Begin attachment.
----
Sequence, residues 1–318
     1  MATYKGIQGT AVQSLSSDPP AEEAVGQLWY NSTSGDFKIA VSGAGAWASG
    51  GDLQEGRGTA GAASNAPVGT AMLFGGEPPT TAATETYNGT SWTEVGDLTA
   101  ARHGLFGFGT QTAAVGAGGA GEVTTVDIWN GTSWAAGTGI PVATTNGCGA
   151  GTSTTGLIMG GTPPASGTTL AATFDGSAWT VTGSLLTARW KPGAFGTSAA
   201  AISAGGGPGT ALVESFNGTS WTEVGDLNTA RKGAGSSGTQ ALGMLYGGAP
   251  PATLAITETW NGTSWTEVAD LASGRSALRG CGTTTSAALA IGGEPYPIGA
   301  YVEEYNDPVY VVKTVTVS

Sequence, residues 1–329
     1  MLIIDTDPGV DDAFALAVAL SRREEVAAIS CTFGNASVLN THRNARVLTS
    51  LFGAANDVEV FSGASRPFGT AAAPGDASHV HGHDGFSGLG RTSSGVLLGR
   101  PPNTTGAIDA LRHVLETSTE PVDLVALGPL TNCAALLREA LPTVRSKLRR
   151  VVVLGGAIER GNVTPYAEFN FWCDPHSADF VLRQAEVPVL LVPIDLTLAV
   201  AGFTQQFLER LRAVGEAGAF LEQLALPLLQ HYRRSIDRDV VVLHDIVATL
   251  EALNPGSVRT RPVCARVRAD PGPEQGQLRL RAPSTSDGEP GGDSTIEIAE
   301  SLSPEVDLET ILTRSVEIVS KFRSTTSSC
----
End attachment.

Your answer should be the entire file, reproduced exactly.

Sequence, residues 1–318
     1  MATYKGIQGT AVQSLSSDPP AEEAVGQLWY NSTSGDFKIA VSGAGAWASG
    51  GDLQEGRGTA GAASNAPVGT AMLFGGEPPT TAATETYNGT SWTEVGDLTA
   101  ARHGLFGFGT QTAAVGAGGA GEVTTVDIWN GTSWAAGTGI PVATTNGCGA
   151  GTSTTGLIMG GTPPASGTTL AATFDGSAWT VTGSLLTARW KPGAFGTSAA
   201  AISAGGGPGT ALVESFNGTS WTEVGDLNTA RKGAGSSGTQ ALGMLYGGAP
   251  PATLAITETW NGTSWTEVAD LASGRSALRG CGTTTSAALA IGGEPYPIGA
   301  YVEEYNDPVY VVKTVTVS

Sequence, residues 1–329
     1  MLIIDTDPGV DDAFALAVAL SRREEVAAIS CTFGNASVLN THRNARVLTS
    51  LFGAANDVEV FSGASRPFGT AAAPGDASHV HGHDGFSGLG RTSSGVLLGR
   101  PPNTTGAIDA LRHVLETSTE PVDLVALGPL TNCAALLREA LPTVRSKLRR
   151  VVVLGGAIER GNVTPYAEFN FWCDPHSADF VLRQAEVPVL LVPIDLTLAV
   201  AGFTQQFLER LRAVGEAGAF LEQLALPLLQ HYRRSIDRDV VVLHDIVATL
   251  EALNPGSVRT RPVCARVRAD PGPEQGQLRL RAPSTSDGEP GGDSTIEIAE
   301  SLSPEVDLET ILTRSVEIVS KFRSTTSSC